Glamorgan 165 for 6 (Chapple 3-28) trail Lancashire 698 for 5 dec (Petersen 286, Prince 261, Croft 57*) by 533 runs
The seagulls in Colwyn Bay are probably mutants. Embittered at not landing parts in Jurassic Park as baby pterodactyls, they vent their savage grievance on any holiday-makers foolish enough to leave their sarnies unguarded. Their natural cinematic home would have been Alfred Hitchock's 1963 film The Birds, but should any director be so foolish as to attempt to remake that classic, Rhos on Sea would make an excellent setting.
Yet on the second day of this match at Colwyn Bay even the massive gulls had to take second place in the avarice stakes to Lancashire's Ashwell Prince and Alviro Petersen. Then later, they may even have perched, corpulent and admiring, as Glen Chapple proved that this pitch was not quite so flat as to repel bowlers of timeless class.
Having already put on 324 for their side's third wicket when play began, Prince and Petersen extended their stand to a colossal 501 before Prince miscued a drive off David Lloyd and Andrew Salter took a good low catch running in from the long-off boundary. By that stage the partnership was already the highest in Lancashire's history, beating the mere 371 added by Frank Watson and Ernest Tyldesley against Surrey at Old Trafford in 1928. It was also the most conceded by Glamorgan for any wicket. Prince himself had hit 35 fours and seven sixes in a career-best 261 after a morning in which he had launched a cheerful assault on the car park behind the pavilion.
As Prince ambled back to the dressing room, tossing his bat in the air as he went and accompanied by Petersen's congratulations and hugs, he probably little knew that the partnership was only 22 runs shy of the third-wicket County Championship record, which is held by Michael Carberry and Neil McKenzie, or that it was the thirteenth most fruitful for any wicket in the first-class history.
Within half an hour Petersen was gone too, also caught in the deep off the frequently punished Lloyd and also for a career-best, in his case, 286. He and Prince had become the only Lancashire batsmen to have hit double-hundreds in the same innings. The total was then 625 for 4, which is really the sort of score one reads about rather than seeing first-hand.
All the same, there it was and after Steven Croft, the Lancashire captain, had thrashed another 57 runs in 51 balls, the declaration was applied with the score having moved on to 698 for 5, the fifth highest total in Lancashire's history. Between innings there were reports that Opta's statistician was frothing at the mouth in ecstasy. Such days do not come around very often for the number crunchers.
Many debates to this point had concerned the flatness of the pitch. Some Glamorgan players announced that they had never played cricket on anything quite like it. At the end of Lancashire's innings the scoreboard seemed to justify their view and it was even mooted that this pitch could give cricketers a standard by which the unresponsiveness of later surfaces could be assessed, a Colwyn Bay quotient to rank with the Richter and Beaufort scales.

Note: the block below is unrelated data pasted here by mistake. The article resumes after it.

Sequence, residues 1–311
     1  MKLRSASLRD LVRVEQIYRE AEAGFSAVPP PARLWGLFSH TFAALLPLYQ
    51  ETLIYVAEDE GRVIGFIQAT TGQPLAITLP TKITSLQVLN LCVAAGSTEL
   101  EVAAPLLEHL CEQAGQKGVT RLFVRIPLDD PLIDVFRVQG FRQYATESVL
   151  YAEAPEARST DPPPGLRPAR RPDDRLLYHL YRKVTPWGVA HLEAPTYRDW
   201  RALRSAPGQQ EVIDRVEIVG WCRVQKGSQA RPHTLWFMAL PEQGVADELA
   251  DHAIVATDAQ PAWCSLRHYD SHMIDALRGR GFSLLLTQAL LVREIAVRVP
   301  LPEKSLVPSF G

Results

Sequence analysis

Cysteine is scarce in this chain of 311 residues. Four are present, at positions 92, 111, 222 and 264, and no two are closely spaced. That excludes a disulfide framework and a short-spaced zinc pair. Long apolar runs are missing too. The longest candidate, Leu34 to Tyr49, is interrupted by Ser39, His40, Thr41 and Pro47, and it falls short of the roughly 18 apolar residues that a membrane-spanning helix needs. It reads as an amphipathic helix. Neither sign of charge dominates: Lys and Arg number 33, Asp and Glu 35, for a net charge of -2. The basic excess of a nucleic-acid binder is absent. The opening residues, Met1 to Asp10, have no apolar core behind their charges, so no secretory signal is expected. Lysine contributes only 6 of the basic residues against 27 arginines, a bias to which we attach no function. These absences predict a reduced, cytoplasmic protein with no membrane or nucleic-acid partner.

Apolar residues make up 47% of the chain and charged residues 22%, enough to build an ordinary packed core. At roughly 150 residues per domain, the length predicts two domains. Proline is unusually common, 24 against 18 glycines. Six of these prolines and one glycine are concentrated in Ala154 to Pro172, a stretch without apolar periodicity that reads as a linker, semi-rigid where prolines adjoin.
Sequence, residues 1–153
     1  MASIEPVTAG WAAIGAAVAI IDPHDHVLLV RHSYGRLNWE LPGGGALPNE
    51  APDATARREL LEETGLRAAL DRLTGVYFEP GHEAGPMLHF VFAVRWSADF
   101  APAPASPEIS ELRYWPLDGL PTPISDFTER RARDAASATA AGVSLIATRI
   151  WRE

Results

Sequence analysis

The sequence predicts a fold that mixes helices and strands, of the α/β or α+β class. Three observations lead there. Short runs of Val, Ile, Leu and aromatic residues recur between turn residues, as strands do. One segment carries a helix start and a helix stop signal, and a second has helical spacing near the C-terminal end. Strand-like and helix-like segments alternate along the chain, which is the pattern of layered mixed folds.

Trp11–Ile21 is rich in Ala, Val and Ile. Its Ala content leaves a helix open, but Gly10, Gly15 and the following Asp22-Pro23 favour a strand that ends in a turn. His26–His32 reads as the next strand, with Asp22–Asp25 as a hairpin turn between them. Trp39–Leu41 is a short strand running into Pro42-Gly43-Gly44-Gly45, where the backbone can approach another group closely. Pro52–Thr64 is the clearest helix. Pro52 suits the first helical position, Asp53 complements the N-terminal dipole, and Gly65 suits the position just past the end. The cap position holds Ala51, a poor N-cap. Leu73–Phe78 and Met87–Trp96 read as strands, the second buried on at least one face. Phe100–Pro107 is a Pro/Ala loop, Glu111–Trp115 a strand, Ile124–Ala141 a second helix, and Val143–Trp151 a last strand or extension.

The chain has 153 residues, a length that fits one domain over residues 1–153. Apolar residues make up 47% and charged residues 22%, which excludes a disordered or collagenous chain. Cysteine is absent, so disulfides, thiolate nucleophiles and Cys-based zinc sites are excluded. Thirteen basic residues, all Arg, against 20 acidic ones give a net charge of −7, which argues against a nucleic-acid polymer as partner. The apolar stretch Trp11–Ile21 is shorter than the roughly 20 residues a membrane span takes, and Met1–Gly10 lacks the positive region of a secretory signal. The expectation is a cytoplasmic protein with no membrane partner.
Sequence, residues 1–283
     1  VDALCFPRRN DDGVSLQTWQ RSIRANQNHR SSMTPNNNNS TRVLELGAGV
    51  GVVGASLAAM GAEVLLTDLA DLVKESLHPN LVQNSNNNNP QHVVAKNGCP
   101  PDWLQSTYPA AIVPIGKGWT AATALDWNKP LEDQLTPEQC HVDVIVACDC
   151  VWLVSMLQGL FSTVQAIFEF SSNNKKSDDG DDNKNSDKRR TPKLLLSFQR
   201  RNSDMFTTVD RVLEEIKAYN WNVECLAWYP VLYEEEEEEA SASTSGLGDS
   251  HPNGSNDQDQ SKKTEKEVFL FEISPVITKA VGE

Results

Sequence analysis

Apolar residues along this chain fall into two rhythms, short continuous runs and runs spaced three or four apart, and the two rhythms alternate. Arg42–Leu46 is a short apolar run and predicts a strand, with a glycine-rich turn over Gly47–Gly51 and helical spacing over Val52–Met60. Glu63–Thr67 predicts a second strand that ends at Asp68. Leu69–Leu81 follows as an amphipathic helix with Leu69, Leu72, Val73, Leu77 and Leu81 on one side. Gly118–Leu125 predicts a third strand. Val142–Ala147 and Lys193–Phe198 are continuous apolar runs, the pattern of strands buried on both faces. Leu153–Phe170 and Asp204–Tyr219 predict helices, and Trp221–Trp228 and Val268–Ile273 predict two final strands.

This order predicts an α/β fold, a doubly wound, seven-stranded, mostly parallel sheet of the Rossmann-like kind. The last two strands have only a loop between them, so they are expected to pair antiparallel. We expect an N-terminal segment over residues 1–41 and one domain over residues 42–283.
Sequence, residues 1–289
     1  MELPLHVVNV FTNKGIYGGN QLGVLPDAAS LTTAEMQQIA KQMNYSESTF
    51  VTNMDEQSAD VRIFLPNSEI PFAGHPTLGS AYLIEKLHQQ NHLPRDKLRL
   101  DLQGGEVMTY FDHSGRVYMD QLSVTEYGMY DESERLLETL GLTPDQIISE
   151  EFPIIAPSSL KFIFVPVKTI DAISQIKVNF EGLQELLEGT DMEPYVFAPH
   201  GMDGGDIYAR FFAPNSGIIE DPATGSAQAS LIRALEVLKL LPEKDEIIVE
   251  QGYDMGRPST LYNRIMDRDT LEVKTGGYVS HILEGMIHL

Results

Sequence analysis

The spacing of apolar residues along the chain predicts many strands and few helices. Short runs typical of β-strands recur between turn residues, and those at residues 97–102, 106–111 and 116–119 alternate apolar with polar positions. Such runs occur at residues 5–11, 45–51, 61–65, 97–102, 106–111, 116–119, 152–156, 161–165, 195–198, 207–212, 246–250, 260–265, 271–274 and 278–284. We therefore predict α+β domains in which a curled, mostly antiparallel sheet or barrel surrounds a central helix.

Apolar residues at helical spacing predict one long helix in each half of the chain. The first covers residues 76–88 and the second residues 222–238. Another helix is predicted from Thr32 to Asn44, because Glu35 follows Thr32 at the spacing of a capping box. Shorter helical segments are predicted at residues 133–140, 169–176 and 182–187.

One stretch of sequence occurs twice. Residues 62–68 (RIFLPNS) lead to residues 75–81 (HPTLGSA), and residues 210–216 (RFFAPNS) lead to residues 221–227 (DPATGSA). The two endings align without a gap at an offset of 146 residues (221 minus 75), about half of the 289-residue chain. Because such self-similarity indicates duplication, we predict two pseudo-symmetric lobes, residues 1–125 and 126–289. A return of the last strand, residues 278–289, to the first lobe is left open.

Chapple put such talk into useful perspective. When it was announced on the first morning that Chapple, who is now 41, would be in Lancashire's side, there was a curious sigh of loving fondness from many in the crowd. So the happiness from the very many visiting supporters when Chapple moved one away just enough from Jacques Rudolph's loose defensive shot to clip the off stump needs little imagining. It was the beginning of a few overs to remember for Lancashire loyalists as they grab every chance they can to see Chapple in what must surely be the late autumn of his career.
Next over Colin Ingram was caught behind by Alex Davies for nought. After tea, Chris Cooke elected to leave a ball which was going to hit the off stump, and that is rarely a wise move. Chapple's figures at the end of his first spell read 11-4-27-3. For so many cricket fans, whatever their loyalties, his bowling counted for more than Petersen and Prince's stand. He had nagged away and coaxed assistance from a pitch which, hitherto, had seemed as hard as an airport runway.
Lancashire's bowlers were not finished, though, as they pressed for the victory that would make them even more prohibitive favourites for promotion. Will Bragg was leg before playing across a straight one from James Faulkner and the spinners Arron Lilley and Simon Kerrigan picked up the wickets of David Lloyd and Craig Meschede, both caught in the ring for 21 apiece during a long evening session.
Mark Wallace, the epitome of Welsh resistance, was still there on 39 and Graham Wagg, in this great season for him, made so bold as to hit Lilley's penultimate ball of the day for a six over long-on. Nonetheless, Glamorgan can rarely have been so far behind in a match and an early finish is clearly on the cards. This would be a shame for those who treasure the warm friendship, grassy banks and gentle charms of this ground.
The day finally ended with Petersen and Prince posing for snappers in front of a scoreboard rigged to record their partnership. Some of the resulting photographs will no doubt be auctioned at cricket dinners this winter; others will appear in county yearbooks, those annual chronicles of special weeks and afternoons of plenty.